to do this in Drupal other than to discard the logs outright. If people
are so against it, then go for the admin option that Mike includes.

The goal of a statistics module is to give real results to people.
These filtered results give a better picture of what is actually going

Much like archive, I'd almost like to see stats module removed from
core rather than be in the decrepit state it is today (often because of
the difficulty of getting core commits -- so as Ber suggests, maybe
xstatistics; and Ber, you maintain a lot of modules, maybe give that
one to Mike?). As it is, everyone just needs to install a separate
stats package to get real results for their Drupal site.


Tue, 23 Aug 2005 02:38:13 +0000 : kbahey

I guess I have to agree with Mike and Boris here.

You now can get it way you want: You want logging of all hits? You want
logging for only humans? You can get either.

I have said before what Boris said: Drupal can never do the level of
logging that Apache does (for example, bytes per request, ...etc.), so
there will always be a need for Apache logs and tools that analyze it.

So, let Drupal statistics do what it can do best, and make it more


Wed, 24 Aug 2005 13:45:52 +0000 : Bèr Kessels

an ever bigger -1 on the config options. These are very advanced
settings, that we really should not bother anyone with.

And still a big -1 on filtering the logs.
Why can you not log on output? Is that too hard?
Who says logs of bots are useless? They are the logs I am most
interested in, personally. For SEO and so on.
Not everyone can/has access to full server logs; Not everyone /should/
have access to them, esp. if we can do better. Esp. if drupal can make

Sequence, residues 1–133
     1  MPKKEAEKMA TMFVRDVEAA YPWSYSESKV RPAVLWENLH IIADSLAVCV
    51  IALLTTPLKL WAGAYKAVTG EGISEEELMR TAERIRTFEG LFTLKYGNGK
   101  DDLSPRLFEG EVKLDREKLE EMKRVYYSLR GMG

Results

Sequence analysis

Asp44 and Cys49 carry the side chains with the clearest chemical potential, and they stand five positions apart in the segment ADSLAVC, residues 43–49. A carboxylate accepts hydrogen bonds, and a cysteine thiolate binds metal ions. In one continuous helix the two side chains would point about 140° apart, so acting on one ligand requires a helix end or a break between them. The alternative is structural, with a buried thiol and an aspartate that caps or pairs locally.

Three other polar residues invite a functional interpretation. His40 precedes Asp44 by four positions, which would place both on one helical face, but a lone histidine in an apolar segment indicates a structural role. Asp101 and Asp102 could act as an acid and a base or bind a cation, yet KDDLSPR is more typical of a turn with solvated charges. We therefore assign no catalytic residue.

much more sense in showing stats, then any log analiser can ever do.
Drupal knows what it is and does, awstats has no clue about the setup
of a drupal site.
And last: Who decides what a bot is and what not? That really differs
per set up. I have some crawlers that IMO need to be treated like
visitors, while I also have 'visitors' that look very much like humans,
but that are in fact just spambots.


Thu, 25 Aug 2005 23:42:42 +0000 : Boris Mann

Ber: other than philosophical issues, have you actually run this code?
With the config options, this does not affect your world at all -- you
can still log anything you want.

an ever bigger -1 on the config options. These are very advanced
settings, that we really should not bother anyone with.

You're right -- but you're the one who insisted on having the option to
log everything, so Mike added the config option in.

esp. if we can do better. Esp. if drupal can make much more sense in
showing stats, then any log analiser can ever do. Drupal knows what it
is and does, awstats has no clue about the setup of a drupal site

Sorry, but Drupal will never be the #1 log analyzer in the world, and
shouldn't strive to be. That is the whole point -- this gives better
information about the stuff that matters.


Fri, 26 Aug 2005 13:07:55 +0000 : Bèr Kessels

Moshe spoke to me about the initial ideas behind this patch:
If it is all about performance, and if the patch actually increases
that performance, I can understand the need for it. I misunderstoood
that that was the primary goal.
So, I beleive that performance patches need some form or proof. Maybe a
benchmark, or some figures on server load before and after? 

Boris: no, Drupal will never be the #1 log analiser. But it can get so
close that joe average has no need for server logs. 

And no, I did not run the code, for I saw the option in thed patch. And
thus i immediately understood that I could keep running my system as
intended/I wish. 

But what I beleive it is the worst thread in OSS: "We dont agree on Foo
or Bar, so we put in Foo and Bar and make it optional." That is the #1
usability thread for most OSS.
Especially when these options can be replaced perfectly by well thought
out defaults (the Mac way).

So, when it is not primary about that option, but about speed, I think
the option will get a lot of +1s and make a big chance for getting in.

Just a note: IMO we should discuss introducing a section in the
administration called "optimisation" where all throttle, cache, memory,
etc settings can live. A place where joe average will not have to look.
For I beleive that settings like "log filters" frighten Joe Averages
away. They want it to Just Work, and they want the option pages to be
"Understood without having to read manuals".


Sat, 27 Aug 2005 20:36:23 +0000 : mikeryan

No, my primary motivation is not performance, it's to limit the